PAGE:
Since 2005, I've been publishing WatchingAmerica.com, a website that translates news and views about the USA and American policy from all over the world. There may be no better site in the world to see the global impact of American policies, the true state of anti-Americanism and even how foreign citizens would vote in American elections if they had the chance.
During the Bush years, when the USA was regarded by people everywhere as more alien than it had ever been, most non-American media regarded the idea of American exceptionalism as extremely arrogant and indicative of a complete lack of self-awareness.
Nevertheless, there is something fundamentally pro-American about much of the apparently anti-American content published in foreign newspapers. Many polemics against U.S. policy do no more than hold the U.S. to standards that they admit, sometimes implicitly, are American. In this way, criticisms of America appeal to, and approve of, American ideals.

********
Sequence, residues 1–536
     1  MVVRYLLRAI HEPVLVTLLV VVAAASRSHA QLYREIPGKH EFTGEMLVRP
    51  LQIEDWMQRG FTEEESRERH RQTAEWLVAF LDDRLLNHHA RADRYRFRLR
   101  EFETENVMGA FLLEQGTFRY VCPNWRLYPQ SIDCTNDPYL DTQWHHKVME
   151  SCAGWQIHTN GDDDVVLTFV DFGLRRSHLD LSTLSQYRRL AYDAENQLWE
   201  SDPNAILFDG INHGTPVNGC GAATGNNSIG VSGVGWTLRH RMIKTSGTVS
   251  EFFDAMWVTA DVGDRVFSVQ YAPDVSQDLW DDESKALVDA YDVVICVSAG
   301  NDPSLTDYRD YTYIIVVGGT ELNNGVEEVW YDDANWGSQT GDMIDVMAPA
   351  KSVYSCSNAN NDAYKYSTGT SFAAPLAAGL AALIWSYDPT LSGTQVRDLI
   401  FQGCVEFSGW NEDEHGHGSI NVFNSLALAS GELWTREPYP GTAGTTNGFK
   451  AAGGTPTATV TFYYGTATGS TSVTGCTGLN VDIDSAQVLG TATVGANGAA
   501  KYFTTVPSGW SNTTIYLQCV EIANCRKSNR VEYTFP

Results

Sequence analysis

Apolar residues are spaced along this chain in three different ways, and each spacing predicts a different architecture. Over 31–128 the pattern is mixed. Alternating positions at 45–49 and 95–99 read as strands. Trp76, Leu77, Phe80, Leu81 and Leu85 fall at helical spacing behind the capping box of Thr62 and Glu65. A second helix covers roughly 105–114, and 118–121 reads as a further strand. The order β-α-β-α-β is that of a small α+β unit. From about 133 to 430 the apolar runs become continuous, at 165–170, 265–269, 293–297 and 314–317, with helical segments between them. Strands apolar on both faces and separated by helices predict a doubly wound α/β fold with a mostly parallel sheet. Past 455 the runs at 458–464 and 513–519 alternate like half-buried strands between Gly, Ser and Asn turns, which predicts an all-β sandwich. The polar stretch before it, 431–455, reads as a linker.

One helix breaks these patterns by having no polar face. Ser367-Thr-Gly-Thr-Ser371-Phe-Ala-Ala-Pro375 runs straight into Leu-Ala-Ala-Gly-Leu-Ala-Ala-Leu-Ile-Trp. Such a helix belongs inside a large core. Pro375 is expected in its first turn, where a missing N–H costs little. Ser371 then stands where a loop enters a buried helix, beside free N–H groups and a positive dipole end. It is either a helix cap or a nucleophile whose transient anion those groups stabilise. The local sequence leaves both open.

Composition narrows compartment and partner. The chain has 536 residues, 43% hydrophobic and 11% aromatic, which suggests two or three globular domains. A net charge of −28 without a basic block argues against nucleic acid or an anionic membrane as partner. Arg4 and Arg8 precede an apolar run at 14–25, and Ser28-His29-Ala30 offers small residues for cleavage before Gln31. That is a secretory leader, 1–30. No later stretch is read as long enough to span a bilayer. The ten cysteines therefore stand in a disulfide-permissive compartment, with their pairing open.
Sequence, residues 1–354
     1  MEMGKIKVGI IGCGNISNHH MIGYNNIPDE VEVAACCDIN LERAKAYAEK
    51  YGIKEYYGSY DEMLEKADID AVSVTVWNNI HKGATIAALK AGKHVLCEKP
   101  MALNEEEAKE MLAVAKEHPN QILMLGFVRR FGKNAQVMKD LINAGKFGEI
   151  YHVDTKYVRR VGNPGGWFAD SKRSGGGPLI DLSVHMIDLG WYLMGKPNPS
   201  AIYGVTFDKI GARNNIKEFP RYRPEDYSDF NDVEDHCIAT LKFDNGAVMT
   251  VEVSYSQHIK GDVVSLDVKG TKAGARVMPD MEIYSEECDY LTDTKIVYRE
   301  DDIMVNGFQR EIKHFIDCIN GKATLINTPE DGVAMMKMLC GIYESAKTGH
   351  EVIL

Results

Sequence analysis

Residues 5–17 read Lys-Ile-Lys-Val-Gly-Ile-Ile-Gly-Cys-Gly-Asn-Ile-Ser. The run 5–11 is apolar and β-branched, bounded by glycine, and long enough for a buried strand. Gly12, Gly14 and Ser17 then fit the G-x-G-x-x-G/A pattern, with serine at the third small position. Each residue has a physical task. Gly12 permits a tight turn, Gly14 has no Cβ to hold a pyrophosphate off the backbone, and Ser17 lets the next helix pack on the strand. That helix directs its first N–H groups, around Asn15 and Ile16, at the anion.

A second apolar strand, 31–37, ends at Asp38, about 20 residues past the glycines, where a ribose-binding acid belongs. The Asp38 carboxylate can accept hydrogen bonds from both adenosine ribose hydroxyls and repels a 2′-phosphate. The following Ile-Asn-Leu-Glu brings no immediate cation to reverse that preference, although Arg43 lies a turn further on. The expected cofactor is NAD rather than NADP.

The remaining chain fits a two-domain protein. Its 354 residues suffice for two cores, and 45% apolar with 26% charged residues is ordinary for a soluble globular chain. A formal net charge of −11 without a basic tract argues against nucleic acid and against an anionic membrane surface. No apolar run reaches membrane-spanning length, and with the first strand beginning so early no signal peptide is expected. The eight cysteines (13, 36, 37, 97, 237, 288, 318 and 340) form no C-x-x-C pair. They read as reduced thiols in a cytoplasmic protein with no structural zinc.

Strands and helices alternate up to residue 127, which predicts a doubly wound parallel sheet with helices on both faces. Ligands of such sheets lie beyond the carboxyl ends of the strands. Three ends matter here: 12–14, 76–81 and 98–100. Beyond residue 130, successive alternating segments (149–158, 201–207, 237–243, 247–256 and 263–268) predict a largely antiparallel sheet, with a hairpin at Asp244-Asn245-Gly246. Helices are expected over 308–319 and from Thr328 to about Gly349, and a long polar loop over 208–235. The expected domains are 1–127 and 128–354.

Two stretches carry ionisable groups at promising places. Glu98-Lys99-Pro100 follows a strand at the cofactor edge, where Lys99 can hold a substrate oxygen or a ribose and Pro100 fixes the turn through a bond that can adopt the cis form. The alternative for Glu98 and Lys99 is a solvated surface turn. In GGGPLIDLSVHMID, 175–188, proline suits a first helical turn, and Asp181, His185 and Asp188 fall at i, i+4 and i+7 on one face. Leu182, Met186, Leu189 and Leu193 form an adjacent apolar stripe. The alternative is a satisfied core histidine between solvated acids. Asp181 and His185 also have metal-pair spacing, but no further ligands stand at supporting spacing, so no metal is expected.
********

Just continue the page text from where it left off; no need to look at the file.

Nevertheless, most foreign articles that broach the topics of freedom and the USA mistakenly assume that American freedom is qualitatively the same thing as freedom elsewhere. They assume that whereas the USA may be more explicit about ideas of freedom, and may to some even symbolize individual liberty, American liberty is not philosophically different from liberty anywhere else. How many meanings can "liberty" have, after all? This is a reasonable assumption for at least two reasons. 1) Our previous experience and knowledge invariably determine what we can perceive, and 2) American behavior on the world stage has for a long time spectacularly failed to manifest the American ideal of liberty. Often, indeed, it has seemed to be decidedly at odds with it.
But the American concept of liberty is qualitatively different from non-American conceptions. The difference rests on an idea of government that is almost entirely absent in political discourse elsewhere. Americans realize that government is an ontologically different entity from any other. They realize that government is inherently dangerous because it is the only social or cultural entity that has a monopoly of force. It is so obvious to Americans that it is not often said. Sometimes Americans do not even know that they know it.